Coalition of the Unwilling

The US will happily provide air strikes if others will do the dying on the ground

Gwynne Dyer

“If Hitler invaded Hell, I would make at least a favourable reference to the Devil in the House of Commons,” said Winston Churchill in 1941, defending his decision to regard Stalin as an ally after Germany invaded the Soviet Union.

If the brutal fanatics of ISIS and their new “Islamic State” in parts of Iraq and Syria were really an existential threat to the United States, then President Barack Obama, using the same logic, would now be treating the governments of Syria and Iran as allies. But he isn’t.

US Secretary of State John Kerry has just ended a recruiting tour of the Middle East, signing up Arab states and Turkey for a new coalition that will allegedly “degrade and ultimately destroy (ISIS).” Moreover, it must do so without ever requiring US “boots on the ground”: the American public would not stand for any more of that.

The US will happily provide air strikes if others will do the dying on the ground, of course, and the Iraqi government will go along with that deal since it has just lost a third of its national territory to ISIS. But it will take a long time to rebuild the Iraqi army after its recent collapse — and the only other US allies who are willing to die to stop ISIS are the Kurds.

Jordan will supply intelligence services. Turkey will make it harder for would-be jihadis to cross its borders with Syria and Iraq (the route by which most of ISIS’s foreign recruits have traveled), but it will not let the US use Turkish air bases for military operations. Egypt murmurs words of encouragement but makes no specific commitments.

Almost all the Gulf states, Saudi Arabia and Kuwait included, have promised to stop the large flow of donations from wealthy individuals to the various jihadi outfits in Syria (including, at least until recently, ISIS). The United Arab Emirates reportedly even offered to carry out air strikes against ISIS. But it’s hardly a mass mobilisation, and it doesn’t involve any “boots on the ground”.

There are plenty of boots available if Washington wants them, but they are on the wrong feet. The Syrian Army has been fighting the jihadis for almost three years now, and after its initial losses it has managed to hold its own against them everywhere except in eastern Syria. Elsewhere, it has actually been gaining back ground for more than a year now.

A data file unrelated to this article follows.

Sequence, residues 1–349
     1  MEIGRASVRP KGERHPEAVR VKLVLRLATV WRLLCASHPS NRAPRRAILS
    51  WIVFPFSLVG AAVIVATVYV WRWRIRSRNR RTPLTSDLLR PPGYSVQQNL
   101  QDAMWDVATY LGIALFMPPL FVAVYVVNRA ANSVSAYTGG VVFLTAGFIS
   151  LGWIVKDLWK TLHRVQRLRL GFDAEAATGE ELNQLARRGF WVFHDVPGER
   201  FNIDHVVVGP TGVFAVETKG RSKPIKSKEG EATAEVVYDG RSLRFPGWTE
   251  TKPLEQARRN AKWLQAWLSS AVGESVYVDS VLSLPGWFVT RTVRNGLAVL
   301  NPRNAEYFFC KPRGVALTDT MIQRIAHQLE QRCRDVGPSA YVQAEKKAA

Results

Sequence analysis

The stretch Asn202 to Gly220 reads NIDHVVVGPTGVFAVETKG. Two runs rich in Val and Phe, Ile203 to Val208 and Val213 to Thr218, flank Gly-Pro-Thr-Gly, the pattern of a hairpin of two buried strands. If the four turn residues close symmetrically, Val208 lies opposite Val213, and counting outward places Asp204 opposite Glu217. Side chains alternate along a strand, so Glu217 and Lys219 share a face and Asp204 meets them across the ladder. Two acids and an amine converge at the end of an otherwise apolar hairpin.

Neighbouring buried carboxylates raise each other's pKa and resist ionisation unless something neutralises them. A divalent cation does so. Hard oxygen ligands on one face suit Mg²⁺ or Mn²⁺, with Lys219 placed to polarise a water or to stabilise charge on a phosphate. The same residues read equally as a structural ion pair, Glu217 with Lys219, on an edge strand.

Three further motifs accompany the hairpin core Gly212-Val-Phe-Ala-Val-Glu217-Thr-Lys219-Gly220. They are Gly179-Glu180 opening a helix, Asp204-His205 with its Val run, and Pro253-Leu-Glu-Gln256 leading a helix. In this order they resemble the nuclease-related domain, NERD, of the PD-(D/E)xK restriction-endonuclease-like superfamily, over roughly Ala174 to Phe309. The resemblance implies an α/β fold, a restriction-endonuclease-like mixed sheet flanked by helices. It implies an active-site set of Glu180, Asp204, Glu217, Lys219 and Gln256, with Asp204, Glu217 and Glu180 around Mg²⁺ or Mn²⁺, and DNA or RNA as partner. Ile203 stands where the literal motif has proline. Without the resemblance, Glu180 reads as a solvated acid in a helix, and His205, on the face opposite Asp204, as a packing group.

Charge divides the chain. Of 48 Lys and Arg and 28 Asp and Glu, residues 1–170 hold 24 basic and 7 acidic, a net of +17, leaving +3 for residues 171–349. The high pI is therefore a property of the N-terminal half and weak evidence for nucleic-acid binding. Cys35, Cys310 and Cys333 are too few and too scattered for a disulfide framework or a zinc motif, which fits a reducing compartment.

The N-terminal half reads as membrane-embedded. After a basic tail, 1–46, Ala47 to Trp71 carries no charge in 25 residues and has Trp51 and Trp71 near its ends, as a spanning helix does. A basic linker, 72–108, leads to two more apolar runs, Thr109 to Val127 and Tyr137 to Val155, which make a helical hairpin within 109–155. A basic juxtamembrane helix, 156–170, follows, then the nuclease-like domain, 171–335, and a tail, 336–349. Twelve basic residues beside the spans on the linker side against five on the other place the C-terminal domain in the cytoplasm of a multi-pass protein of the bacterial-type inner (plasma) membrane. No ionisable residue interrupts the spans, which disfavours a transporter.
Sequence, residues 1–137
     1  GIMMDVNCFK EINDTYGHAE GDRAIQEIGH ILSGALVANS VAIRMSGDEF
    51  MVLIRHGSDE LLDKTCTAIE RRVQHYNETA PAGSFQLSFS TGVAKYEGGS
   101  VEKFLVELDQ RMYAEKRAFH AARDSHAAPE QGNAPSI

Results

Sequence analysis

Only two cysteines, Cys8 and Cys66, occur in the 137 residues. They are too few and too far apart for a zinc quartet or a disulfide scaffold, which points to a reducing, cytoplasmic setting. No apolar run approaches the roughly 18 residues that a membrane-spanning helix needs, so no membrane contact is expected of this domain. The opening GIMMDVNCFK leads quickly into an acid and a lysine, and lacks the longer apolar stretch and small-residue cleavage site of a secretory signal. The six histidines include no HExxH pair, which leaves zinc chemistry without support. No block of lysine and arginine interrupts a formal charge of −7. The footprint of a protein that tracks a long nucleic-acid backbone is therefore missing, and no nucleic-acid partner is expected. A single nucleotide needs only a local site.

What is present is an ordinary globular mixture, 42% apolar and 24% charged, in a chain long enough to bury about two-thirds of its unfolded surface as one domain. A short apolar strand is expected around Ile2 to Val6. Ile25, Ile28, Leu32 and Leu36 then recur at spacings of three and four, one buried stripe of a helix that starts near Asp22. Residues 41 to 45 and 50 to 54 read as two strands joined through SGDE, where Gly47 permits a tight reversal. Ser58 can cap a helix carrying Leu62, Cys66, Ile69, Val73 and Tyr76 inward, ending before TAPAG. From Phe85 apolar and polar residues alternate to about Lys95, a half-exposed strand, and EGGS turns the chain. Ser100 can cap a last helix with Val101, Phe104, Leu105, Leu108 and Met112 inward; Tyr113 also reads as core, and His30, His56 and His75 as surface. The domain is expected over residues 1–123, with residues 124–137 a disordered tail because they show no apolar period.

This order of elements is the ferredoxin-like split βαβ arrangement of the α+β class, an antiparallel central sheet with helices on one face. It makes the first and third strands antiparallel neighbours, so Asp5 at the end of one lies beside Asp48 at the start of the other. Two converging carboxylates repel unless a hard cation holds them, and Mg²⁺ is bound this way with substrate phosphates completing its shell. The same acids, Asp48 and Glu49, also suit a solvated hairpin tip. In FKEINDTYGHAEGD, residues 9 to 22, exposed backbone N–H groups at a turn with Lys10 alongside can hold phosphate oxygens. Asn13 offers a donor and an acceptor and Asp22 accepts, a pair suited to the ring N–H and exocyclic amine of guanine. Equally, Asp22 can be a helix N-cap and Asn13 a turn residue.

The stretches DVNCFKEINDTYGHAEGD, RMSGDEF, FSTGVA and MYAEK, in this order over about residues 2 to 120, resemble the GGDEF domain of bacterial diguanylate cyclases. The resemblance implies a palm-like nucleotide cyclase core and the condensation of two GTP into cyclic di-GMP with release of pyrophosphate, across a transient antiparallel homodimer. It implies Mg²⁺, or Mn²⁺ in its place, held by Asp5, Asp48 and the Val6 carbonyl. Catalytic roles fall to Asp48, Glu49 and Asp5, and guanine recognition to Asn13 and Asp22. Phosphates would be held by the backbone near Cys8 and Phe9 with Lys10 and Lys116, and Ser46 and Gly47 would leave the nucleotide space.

Then there is Iran, a big, industrialised country whose armed forces do know how to fight. Iran provided the key support for the local Shia militias that stopped ISIS from sweeping into Baghdad last summer, and it has been providing indispensable support to the Syrian government for years.

But Washington has not asked these major players to join its new coalition. Indeed, it has invited everybody in the Middle East to join except those who are actually willing to fight ISIS on the ground. How peculiar.

There are reasons for this odd behaviour, of course. The obsessive American mistrust of Iran goes back to the hostage crisis of the late 1970s, and is reinforced by Israel’s paranoia about Iran.

Turkey would go ballistic if the United States started arming the Kurdish rebels of the PKK, who have fought a long and brutal war (currently in remission) against the Turkish state. And it’s just too abrupt a U-turn for Obama to start doing business with Syria’s President Bashar al-Assad, whom he was getting ready to bomb just one year ago.

Maybe a rebuilt Iraqi army can drive ISIS out of Iraq eventually, although ISIS has lots of local support in the Sunni Arab parts of Iraq. But where does Obama think the troops will come from to drive ISIS back in its Syrian heartland?

His only answer is to build a new “Free Syrian Army” composed of “moderates” who will fight on two fronts, defeating ISIS while also overthrowing Assad. But that’s ridiculous, since the old FSA has almost all been absorbed into the various jihadi groups in Syria. There is nothing left to build on.

For added comic effect, this new Free Syrian Army will be trained in Saudi Arabia, the principal supporter and paymaster of those same jihadi groups until ISIS scared it into hedging its bets.

One is tempted to think that Obama is not really all that worried about ISIS as a strategic threat. One is further tempted to speculate that he has learned not to care too much about what happens in the Middle East any more. But those are subjects for another day.

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